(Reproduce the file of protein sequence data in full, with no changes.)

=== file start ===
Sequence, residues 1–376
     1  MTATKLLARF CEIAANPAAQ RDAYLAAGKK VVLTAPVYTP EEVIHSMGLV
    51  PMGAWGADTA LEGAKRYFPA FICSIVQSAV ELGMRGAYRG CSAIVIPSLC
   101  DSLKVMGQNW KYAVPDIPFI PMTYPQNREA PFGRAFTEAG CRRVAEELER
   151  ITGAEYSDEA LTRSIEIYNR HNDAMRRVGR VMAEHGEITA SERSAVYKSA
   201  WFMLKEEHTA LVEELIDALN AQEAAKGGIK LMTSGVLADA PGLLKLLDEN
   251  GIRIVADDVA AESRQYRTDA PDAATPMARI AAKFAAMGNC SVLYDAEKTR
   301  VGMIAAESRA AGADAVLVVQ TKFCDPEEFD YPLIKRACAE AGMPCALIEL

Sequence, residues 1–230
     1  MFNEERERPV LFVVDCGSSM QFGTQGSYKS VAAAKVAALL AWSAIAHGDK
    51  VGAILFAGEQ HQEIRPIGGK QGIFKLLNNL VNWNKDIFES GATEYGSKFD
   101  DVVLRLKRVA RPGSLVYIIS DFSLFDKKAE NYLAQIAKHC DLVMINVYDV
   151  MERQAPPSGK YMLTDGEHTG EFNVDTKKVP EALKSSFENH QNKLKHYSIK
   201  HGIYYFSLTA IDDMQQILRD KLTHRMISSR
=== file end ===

Sequence, residues 1–376
     1  MTATKLLARF CEIAANPAAQ RDAYLAAGKK VVLTAPVYTP EEVIHSMGLV
    51  PMGAWGADTA LEGAKRYFPA FICSIVQSAV ELGMRGAYRG CSAIVIPSLC
   101  DSLKVMGQNW KYAVPDIPFI PMTYPQNREA PFGRAFTEAG CRRVAEELER
   151  ITGAEYSDEA LTRSIEIYNR HNDAMRRVGR VMAEHGEITA SERSAVYKSA
   201  WFMLKEEHTA LVEELIDALN AQEAAKGGIK LMTSGVLADA PGLLKLLDEN
   251  GIRIVADDVA AESRQYRTDA PDAATPMARI AAKFAAMGNC SVLYDAEKTR
   301  VGMIAAESRA AGADAVLVVQ TKFCDPEEFD YPLIKRACAE AGMPCALIEL

Sequence, residues 1–230
     1  MFNEERERPV LFVVDCGSSM QFGTQGSYKS VAAAKVAALL AWSAIAHGDK
    51  VGAILFAGEQ HQEIRPIGGK QGIFKLLNNL VNWNKDIFES GATEYGSKFD
   101  DVVLRLKRVA RPGSLVYIIS DFSLFDKKAE NYLAQIAKHC DLVMINVYDV
   151  MERQAPPSGK YMLTDGEHTG EFNVDTKKVP EALKSSFENH QNKLKHYSIK
   201  HGIYYFSLTA IDDMQQILRD KLTHRMISSR